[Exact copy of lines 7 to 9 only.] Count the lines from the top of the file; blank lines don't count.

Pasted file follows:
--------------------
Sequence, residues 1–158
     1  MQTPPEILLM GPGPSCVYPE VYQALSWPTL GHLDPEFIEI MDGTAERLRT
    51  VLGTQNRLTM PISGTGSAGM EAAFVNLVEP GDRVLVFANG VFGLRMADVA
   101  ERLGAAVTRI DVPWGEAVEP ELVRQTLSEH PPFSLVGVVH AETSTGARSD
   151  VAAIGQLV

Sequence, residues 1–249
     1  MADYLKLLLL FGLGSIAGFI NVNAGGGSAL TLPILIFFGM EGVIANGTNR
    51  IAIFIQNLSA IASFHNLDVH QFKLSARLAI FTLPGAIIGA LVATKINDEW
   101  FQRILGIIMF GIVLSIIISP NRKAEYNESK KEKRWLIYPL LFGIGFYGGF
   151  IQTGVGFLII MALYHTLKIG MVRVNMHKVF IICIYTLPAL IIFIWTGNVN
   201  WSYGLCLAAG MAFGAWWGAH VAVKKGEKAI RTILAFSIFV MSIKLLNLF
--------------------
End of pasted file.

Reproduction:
     1  MADYLKLLLL FGLGSIAGFI NVNAGGGSAL TLPILIFFGM EGVIANGTNR
    51  IAIFIQNLSA IASFHNLDVH QFKLSARLAI FTLPGAIIGA LVATKINDEW
   101  FQRILGIIMF GIVLSIIISP NRKAEYNESK KEKRWLIYPL LFGIGFYGGF